Report: National Lockdown in Italy Drives 30% Increase in Divorces

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ROME — Two and a half months of forced lockdown has pushed many married couples into crisis, Italian media report, and divorce filings have seen a whopping 30 percent increase since the outbreak began.

Marriage counselors took to Skype and WhatsApp to help struggling couples cope with the stress of lost jobs and extended co-confinement during the 67 days of national lockdown but this did not stop the surge in requests for divorce, Corriere della Sera reported last week.

According to accounts related by counselors, the irritation caused by everything from badly squeezed toothpaste tubes, socks left on the floor, suspicious phone calls, and tight shared spaces has been magnified by the extended lockdown, resulting in a run on the divorce courts.

The occasional relief of home tensions from a dip in the sea or a walk in the woods was no longer an option, resulting in homes becoming virtual pressure cookers, with prolonged silence alternating with outbreaks of angry shouting, recriminations, and even domestic violence.

For this reason Italy’s National Lawyers Council made the decision to allow couples in certain regions to request divorce by email, to be followed by an online hearing to be conducted virtually by the lawyers, without the participation of the parties.

One marriage counselor, Annamaria Bernardini de Pace, says she received no less than sixty emails after the lockdown began and when phase 2 was launched on May 4, twelve couples initiated divorce proceedings.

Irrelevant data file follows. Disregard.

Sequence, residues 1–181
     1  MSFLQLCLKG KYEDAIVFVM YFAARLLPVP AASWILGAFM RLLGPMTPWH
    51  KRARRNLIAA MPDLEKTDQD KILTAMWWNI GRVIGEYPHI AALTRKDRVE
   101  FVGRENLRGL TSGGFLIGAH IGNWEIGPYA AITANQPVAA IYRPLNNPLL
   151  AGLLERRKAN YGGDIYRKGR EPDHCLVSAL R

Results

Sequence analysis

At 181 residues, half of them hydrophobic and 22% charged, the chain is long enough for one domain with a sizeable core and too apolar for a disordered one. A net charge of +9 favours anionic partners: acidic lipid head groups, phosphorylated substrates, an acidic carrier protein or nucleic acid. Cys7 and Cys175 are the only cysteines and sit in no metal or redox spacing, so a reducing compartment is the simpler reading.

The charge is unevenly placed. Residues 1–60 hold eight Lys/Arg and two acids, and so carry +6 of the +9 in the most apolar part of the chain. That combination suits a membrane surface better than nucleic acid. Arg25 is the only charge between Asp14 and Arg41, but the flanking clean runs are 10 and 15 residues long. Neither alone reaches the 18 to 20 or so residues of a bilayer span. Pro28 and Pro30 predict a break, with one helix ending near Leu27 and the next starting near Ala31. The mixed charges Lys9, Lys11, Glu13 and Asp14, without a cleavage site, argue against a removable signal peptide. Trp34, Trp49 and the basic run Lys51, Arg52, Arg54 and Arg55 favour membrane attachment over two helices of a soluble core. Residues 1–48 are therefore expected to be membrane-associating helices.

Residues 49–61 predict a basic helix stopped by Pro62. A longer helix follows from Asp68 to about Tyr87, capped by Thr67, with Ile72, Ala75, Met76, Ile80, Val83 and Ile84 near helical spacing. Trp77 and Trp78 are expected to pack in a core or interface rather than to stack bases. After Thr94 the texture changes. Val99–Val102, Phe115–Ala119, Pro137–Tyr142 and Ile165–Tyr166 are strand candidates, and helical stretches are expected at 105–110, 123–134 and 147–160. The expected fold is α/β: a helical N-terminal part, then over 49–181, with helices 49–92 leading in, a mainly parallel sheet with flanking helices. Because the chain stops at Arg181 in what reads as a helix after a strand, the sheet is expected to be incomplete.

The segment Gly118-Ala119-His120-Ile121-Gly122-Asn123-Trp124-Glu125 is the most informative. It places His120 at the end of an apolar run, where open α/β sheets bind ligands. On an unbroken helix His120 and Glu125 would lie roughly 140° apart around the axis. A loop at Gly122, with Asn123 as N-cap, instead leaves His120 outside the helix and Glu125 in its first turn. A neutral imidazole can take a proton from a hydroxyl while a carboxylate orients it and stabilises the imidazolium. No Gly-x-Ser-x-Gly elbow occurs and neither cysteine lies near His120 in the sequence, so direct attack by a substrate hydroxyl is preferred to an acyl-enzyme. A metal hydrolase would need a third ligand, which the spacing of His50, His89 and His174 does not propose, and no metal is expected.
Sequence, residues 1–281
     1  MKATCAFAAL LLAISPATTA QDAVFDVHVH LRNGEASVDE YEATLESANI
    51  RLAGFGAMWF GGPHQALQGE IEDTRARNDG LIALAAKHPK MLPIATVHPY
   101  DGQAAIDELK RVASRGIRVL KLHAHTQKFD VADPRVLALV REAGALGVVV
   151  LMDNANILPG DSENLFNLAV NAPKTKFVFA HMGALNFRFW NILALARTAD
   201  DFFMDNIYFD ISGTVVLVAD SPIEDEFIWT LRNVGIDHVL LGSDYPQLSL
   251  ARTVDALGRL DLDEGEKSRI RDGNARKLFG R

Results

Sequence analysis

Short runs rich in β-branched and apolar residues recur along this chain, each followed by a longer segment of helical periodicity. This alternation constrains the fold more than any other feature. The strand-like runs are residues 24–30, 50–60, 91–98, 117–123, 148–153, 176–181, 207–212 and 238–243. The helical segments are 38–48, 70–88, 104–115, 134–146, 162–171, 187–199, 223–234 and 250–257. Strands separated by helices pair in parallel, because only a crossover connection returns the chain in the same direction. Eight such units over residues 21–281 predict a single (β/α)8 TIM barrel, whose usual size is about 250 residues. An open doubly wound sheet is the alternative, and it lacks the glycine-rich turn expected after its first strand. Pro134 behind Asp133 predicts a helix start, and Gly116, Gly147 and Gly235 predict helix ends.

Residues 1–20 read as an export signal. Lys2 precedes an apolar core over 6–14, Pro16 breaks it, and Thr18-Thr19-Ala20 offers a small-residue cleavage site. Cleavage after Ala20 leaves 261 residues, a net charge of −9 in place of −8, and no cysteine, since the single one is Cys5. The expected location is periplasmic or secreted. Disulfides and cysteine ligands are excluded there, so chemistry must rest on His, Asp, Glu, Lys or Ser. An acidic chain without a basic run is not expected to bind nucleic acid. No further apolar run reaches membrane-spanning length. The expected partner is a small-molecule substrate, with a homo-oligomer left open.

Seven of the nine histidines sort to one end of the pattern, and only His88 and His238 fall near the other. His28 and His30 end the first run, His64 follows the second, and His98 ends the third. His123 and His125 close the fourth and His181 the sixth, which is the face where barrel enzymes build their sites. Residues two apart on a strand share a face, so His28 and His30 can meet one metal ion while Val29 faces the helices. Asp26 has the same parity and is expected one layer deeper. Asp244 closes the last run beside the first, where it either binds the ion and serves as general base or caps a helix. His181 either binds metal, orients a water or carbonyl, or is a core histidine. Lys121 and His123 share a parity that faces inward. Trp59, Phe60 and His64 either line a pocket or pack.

“One client of mine kicked her husband out of the house, who had to go back and live with his mother,” she said. “In the auto-certification, he wrote that he needed to take care of her because she was sick.”

According to Gian Ettore Gassani, president of the Italian association of marriage counselors, a number of marriages fell apart because affairs were discovered.

“One husband hoped to get away with the excuse of the mile-long line at the supermarket,” Gassani said. “In reality he was visiting his lover, who was also the next-door neighbor, and he sent another person to the supermarket in his place.”

“The problem was that his wife became suspicious and followed him,” Gassani added. “The result was that they called me at one o’clock in the morning and I don’t know who was screaming more, the wife or the husband.”

In just two days he saw 8 couples looking to end things, he said, an outcome he expected after weeks of consulting via Skype, telephone, and WhatsApp.

Valeria De Vellis, a well-known divorce lawyer, said that her usual practice is to send troubled couples to therapy if they are still talking to each other, especially if they have children, but that is not working these days.

“Of the cases arriving on my desk these days, there is little to salvage,” she said, “since the situation, which exploded during isolation, has had too much time to fester.”

She also described unprecedented divorce hearings with judges via video-conferencing, which lacked the opportunity for reconciliation that occasionally happens when the meetings take place face to face.

As some media have suggested, the health crisis caused by coronavirus has turned out to be just the tip of the iceberg, now being rapidly overshadowed by the economic crisis, the suicide crisis, the marriage crisis, and the loan-sharking crisis.


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